King's paternal grandfather, James Albert King, had been a sharecropper near the small town of Stockbridge, Georgia, outside Atlanta. Like most sharecroppers, he had worked hard and earned little. King, Sr. was the second of ten children. He had left Stockbridge for Atlanta at the age of sixteen, with nothing but a sixth-grade education and a pair of shoes.
In Atlanta he worked odd jobs and studied, and slowly developed a reputation as a preacher. While preaching at two small churches outside of Atlanta, he met Alberta Christine Williams, his future wife, and King, Jr.'s mother. She was a graduate of Atlanta's Spelman College, had attended the Hampton Institute in Virginia, and had returned to Atlanta to teach. Her father, the Reverend Adam Daniel Williams, presided over Atlanta's well-established Ebenezer Baptist Church.
When King, Sr. and Williams married, they moved into the Williams home on Auburn Avenue, the main street of Atlanta's African American business district.
After some time had passed, her father asked King, Sr. to serve as assistant pastor at Ebenezer, which he did. When the senior pastor died of a heart attack in 1931, King, Sr. took over his duties.
He was really born with the name Michael King Jr. His father changed his own name and his sons' in 1939 after a trip to Germany-to honor Martin Luther.
When I read about his childhood I am reminded that being middle class-and black-was not a protection from racism.
It still isn't.
Martin Luther King Jr. was not an only child. He grew up with a sister who was older than him, Willie Christine King, and a younger brother, Alfred Daniel Williams King. Martin Luther King's childhood was a normal happy upbringing. He and his siblings consisted learned to play the piano from their mom and were guided by the spiritual teachings from their dad and grandfather.
But the family was quickly schooled on the harsh reality of the racial segregation of the south. A family outing to a shoe store resulted in the family being ushered to the back exit after being told by the storeowner that blacks were not allowed in the store. This was one of Martin Luther King's first episodes that were a result of the Jim Crow laws that were in effect at that time.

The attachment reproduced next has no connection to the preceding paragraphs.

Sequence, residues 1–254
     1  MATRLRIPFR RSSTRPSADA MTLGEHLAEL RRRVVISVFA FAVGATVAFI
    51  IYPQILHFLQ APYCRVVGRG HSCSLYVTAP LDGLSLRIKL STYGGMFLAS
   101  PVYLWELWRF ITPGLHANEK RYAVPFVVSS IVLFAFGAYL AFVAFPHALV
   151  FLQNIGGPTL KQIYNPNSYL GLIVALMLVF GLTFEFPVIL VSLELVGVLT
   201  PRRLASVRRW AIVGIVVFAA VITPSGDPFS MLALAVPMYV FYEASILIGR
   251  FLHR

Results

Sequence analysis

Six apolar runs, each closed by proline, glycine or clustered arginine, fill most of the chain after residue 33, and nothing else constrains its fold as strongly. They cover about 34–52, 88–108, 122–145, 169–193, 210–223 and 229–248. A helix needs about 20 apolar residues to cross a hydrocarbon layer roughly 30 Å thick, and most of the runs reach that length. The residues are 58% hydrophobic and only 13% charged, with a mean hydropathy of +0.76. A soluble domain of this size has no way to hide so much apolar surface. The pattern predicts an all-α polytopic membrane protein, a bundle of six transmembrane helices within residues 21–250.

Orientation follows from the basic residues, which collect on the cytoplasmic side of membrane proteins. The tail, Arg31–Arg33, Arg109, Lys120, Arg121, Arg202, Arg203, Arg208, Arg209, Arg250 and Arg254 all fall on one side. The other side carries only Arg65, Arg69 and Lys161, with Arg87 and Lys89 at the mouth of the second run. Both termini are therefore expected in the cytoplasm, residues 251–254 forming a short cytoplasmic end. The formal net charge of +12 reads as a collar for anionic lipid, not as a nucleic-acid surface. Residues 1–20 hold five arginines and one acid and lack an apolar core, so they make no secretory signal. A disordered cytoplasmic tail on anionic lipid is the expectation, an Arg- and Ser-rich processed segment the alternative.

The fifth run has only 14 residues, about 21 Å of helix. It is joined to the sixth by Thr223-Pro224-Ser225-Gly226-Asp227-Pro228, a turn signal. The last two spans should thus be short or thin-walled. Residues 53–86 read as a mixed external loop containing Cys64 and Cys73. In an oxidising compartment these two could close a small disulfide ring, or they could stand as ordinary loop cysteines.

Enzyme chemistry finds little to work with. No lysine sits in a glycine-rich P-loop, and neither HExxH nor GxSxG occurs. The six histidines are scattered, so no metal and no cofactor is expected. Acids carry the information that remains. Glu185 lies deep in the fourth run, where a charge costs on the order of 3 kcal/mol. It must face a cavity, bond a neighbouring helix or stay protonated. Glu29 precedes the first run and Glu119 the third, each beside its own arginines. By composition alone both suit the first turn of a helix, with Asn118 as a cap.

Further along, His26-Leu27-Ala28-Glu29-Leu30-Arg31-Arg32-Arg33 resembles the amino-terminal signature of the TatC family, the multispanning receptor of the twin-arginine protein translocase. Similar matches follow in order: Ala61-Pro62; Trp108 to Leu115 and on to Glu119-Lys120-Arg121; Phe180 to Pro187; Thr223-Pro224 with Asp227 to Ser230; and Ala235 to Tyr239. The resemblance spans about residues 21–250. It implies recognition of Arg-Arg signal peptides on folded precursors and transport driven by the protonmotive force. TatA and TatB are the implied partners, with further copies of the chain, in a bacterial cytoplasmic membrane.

His childhood story illustrates something more important than what he went on to accomplish.
When we look closely at what shapes people in the black community to fight for change we have to remember two important things.
The centrality of the church in our community. And the bond of blackness forged by racism that supersedes and transcends classic "class" analysis.
To be white and middle class tends to separate middle class white people from poor whites. Rarely is there a shared cultural identity. There is often open derision-illustrated by pejorative terms like "trailer trash".
The black middle class does not have the luxury of abandoning those who are poor. Nor have we abandoned strong ties to our churches.
Many of us are clear that we are only a generation or two from sharecropping or slavery. Secondly we wear our brand on our skin-the mark of blackness places us in the same group no matter our social class.
The black church is still the center of much black life, and leadership is still drawn from it. Few of our churches are uni-class. We may attend service and be sitting in the same pew with a housemaid or day laborer.
Even those who moved away from Christianity, gathered around other preachers-like Malcolm.
The lesson I learn when I look at the face of young Martin, is that he could have been any black child I see today. One of those black children missing no one pays attention to. One of those black children murdered by stray gunfire. One of those black children who winds up in the school to prison pipeline. One of those black kids headed off to Sunday school.
I am also reminded (no matter my own non-christian persuasion) that those on the left who deride religion and spiritual faith openly on forums such as these, do little to forge the coalitions we need to move forward.
For many on the left who pride themselves in their openly militant atheism-poor whites and their churches and revival meetings are merely objects of scorn. There is vocal derision of evangelicals, yet one of the most powerful progressive voices we hear today is that of Rev. William Barber, head of the N.C. NAACP, an evangelical pastor.
The fact that you don't believe is your business. Mocking those that do disses many members of our most solid and stable Democratic Party voting block.
Young Martin's family was guided by their strong spiritual belief. This is true in many black families.
So when you quote or cite the Rev. Dr. Martin Luther King Jr. remember young Martin.
Before you post remarks categorizing all people of faith as delusional, remember young Martin.
Before we get swept away in the celebrations to come-look at his young face. Then look at the faces of young black school kids.
Celebrate our children today.
Accept that many are growing up as he did.
Guided by faith.
"Faith is taking the first step even when you don't see the whole staircase."
Martin Luther King, Jr.
cross-posted from Black Kos